If a government cannot get its appropriation (budget) legislation passed by the House of Representatives, or the House passes a vote of "no confidence" in the government, the Prime Minister is bound by convention to immediately advise the Governor-General to dissolve the House of Representatives and hold a fresh election.

Following a resignation in other circumstances or the death of a Prime Minister, the governor-general generally appoints the Deputy Prime Minister as the new Prime Minister, until or if such time as the governing party or senior coalition party elects an alternative party leader. This has resulted in the party leaders from the Country Party (now named National Party) being appointed as Prime Minister, despite being the smaller party of their coalition. This occurred when Earle Page became caretaker Prime Minister following the death of Joseph Lyons in 1939, and when John McEwen became caretaker Prime Minister following the disappearance of Harold Holt in 1967. However in 1941, Arthur Fadden became the leader of the Coalition and subsequently Prime Minister by the agreement of both coalition parties, despite being the leader of the smaller party in coalition, following the resignation of UAP leader Robert Menzies.

Excluding the brief transition periods during changes of government or leadership elections, there have only been a handful of cases where someone other than the leader of the majority party in the House of Representatives was Prime Minister:

Powers and role

The first Prime Minister of Australia, Edmund Barton (sitting second from left), with his Cabinet, 1901. Ac.bartonministry.jpg
The first Prime Minister of Australia, Edmund Barton (sitting second from left), with his Cabinet, 1901.

Most of the Prime Minister's power derives from being the head of Government.[ citation needed ] In practice, the Federal Executive Council acts to ratify all executive decisions made by the government and requires the support of the Prime Minister. The powers of the Prime Minister are to direct the Governor General through advice to grant Royal Assent to legislation, to dissolve and prorogue parliament, to call elections and to make government appointments, which the Governor-General follows.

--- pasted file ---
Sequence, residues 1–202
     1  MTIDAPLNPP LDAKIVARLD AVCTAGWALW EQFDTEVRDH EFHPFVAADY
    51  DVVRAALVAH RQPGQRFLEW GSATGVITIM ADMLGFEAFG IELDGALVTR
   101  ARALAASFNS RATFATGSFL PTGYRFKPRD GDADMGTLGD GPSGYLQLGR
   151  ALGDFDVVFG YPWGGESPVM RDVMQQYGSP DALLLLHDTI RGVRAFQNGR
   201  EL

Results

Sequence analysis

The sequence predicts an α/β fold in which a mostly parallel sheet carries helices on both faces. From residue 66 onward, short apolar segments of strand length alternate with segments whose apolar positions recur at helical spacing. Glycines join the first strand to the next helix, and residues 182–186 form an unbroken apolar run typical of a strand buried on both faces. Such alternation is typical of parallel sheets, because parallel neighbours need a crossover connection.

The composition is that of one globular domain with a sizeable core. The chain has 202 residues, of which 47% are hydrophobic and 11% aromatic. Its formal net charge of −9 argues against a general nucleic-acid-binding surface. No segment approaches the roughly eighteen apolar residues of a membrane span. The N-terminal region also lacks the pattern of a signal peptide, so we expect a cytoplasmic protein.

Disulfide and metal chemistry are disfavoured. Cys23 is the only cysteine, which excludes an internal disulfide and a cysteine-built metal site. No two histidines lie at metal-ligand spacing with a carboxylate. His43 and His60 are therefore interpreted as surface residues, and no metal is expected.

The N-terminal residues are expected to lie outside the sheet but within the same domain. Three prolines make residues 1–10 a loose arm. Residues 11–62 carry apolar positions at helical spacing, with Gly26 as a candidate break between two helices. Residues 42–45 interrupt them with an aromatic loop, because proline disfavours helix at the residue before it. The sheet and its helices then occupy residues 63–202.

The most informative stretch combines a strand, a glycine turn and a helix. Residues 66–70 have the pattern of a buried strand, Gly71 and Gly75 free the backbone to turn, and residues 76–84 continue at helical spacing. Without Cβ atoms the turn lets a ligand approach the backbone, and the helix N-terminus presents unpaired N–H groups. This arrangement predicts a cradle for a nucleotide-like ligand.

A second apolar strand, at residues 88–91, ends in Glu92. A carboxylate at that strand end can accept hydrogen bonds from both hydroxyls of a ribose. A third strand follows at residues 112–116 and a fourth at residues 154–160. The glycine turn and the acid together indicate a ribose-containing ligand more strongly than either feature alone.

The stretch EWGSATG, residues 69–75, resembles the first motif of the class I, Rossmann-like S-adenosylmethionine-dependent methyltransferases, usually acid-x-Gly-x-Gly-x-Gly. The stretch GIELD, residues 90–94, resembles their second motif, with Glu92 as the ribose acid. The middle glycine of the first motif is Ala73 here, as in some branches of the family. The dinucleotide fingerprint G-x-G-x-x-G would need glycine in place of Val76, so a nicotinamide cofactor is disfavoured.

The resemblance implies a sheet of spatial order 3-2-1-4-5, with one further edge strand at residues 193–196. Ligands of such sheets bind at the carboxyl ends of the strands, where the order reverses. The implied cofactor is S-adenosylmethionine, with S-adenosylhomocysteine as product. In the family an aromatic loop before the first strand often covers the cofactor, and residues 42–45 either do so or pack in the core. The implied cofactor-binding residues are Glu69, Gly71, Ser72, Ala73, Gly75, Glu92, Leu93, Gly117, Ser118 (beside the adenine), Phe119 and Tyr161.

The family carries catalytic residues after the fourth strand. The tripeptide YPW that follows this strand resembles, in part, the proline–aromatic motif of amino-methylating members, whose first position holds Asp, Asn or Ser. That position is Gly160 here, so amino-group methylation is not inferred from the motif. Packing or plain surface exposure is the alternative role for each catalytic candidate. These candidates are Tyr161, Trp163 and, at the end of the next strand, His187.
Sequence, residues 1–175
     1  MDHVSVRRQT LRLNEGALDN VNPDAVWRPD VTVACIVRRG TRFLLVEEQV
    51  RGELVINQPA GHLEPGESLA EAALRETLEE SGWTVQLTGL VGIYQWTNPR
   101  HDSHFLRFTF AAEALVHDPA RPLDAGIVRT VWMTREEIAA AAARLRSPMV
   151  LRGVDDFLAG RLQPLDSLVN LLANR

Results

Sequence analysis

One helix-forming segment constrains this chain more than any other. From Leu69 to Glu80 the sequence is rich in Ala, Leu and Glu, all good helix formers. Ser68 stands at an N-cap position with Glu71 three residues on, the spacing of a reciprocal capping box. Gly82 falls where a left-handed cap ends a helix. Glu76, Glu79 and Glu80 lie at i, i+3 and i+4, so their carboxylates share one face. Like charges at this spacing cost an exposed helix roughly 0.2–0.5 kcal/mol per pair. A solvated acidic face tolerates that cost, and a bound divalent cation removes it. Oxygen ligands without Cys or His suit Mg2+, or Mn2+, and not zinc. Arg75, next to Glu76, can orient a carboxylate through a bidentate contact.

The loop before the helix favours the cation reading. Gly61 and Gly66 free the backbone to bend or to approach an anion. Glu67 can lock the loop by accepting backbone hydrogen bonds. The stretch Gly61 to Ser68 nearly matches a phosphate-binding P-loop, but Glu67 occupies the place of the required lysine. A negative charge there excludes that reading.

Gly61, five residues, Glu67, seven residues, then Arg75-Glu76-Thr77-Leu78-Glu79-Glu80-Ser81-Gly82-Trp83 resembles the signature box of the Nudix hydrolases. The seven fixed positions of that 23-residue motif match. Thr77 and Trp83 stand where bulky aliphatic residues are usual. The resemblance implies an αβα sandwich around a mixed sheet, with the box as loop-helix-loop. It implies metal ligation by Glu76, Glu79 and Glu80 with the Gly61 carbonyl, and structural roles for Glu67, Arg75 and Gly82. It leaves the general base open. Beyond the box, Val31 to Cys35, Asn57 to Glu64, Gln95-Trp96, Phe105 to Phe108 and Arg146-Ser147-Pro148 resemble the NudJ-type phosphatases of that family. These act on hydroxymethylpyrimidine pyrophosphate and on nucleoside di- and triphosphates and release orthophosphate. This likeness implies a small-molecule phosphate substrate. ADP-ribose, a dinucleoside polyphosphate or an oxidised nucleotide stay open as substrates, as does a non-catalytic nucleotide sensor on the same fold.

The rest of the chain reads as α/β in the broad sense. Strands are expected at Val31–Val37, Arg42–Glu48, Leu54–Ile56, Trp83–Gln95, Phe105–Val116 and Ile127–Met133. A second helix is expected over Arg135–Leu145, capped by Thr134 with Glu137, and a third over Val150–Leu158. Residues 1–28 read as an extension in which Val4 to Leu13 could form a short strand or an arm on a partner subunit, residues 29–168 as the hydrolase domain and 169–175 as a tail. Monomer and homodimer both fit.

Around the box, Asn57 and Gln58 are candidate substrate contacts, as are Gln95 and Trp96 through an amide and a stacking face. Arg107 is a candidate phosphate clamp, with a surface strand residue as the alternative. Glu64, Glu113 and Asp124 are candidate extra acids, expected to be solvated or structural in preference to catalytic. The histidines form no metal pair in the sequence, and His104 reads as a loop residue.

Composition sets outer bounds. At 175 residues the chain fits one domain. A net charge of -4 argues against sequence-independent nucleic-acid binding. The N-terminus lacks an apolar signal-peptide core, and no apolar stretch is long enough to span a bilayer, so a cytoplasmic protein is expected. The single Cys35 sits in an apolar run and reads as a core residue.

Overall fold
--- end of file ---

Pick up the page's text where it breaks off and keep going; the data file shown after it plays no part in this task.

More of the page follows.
The Constitution divides power between the federal government and the states, and the prime minister is constrained by this. [8]

The formal power to appoint the Governor-General lies with the Queen of Australia, on the advice of the Prime Minister, whereby convention holds that the Queen is bound to follow the advice. The Prime Minister can also advise the monarch to dismiss the Governor-General, though it remains unclear how quickly the monarch would act on such advice in a constitutional crisis. This uncertainty, and the possibility of a "race" between the Governor-General and Prime Minister to dismiss the other, was a key question in the 1975 constitutional crisis. Prime Ministers whose government loses a vote of no-confidence in the House of Representatives, are expected to advise the Governor-General to dissolve parliament and hold an election, if an alternative government cannot be formed. If they fail to do this, the Governor-General may by convention dissolve parliament or appoint an alternative government. [6]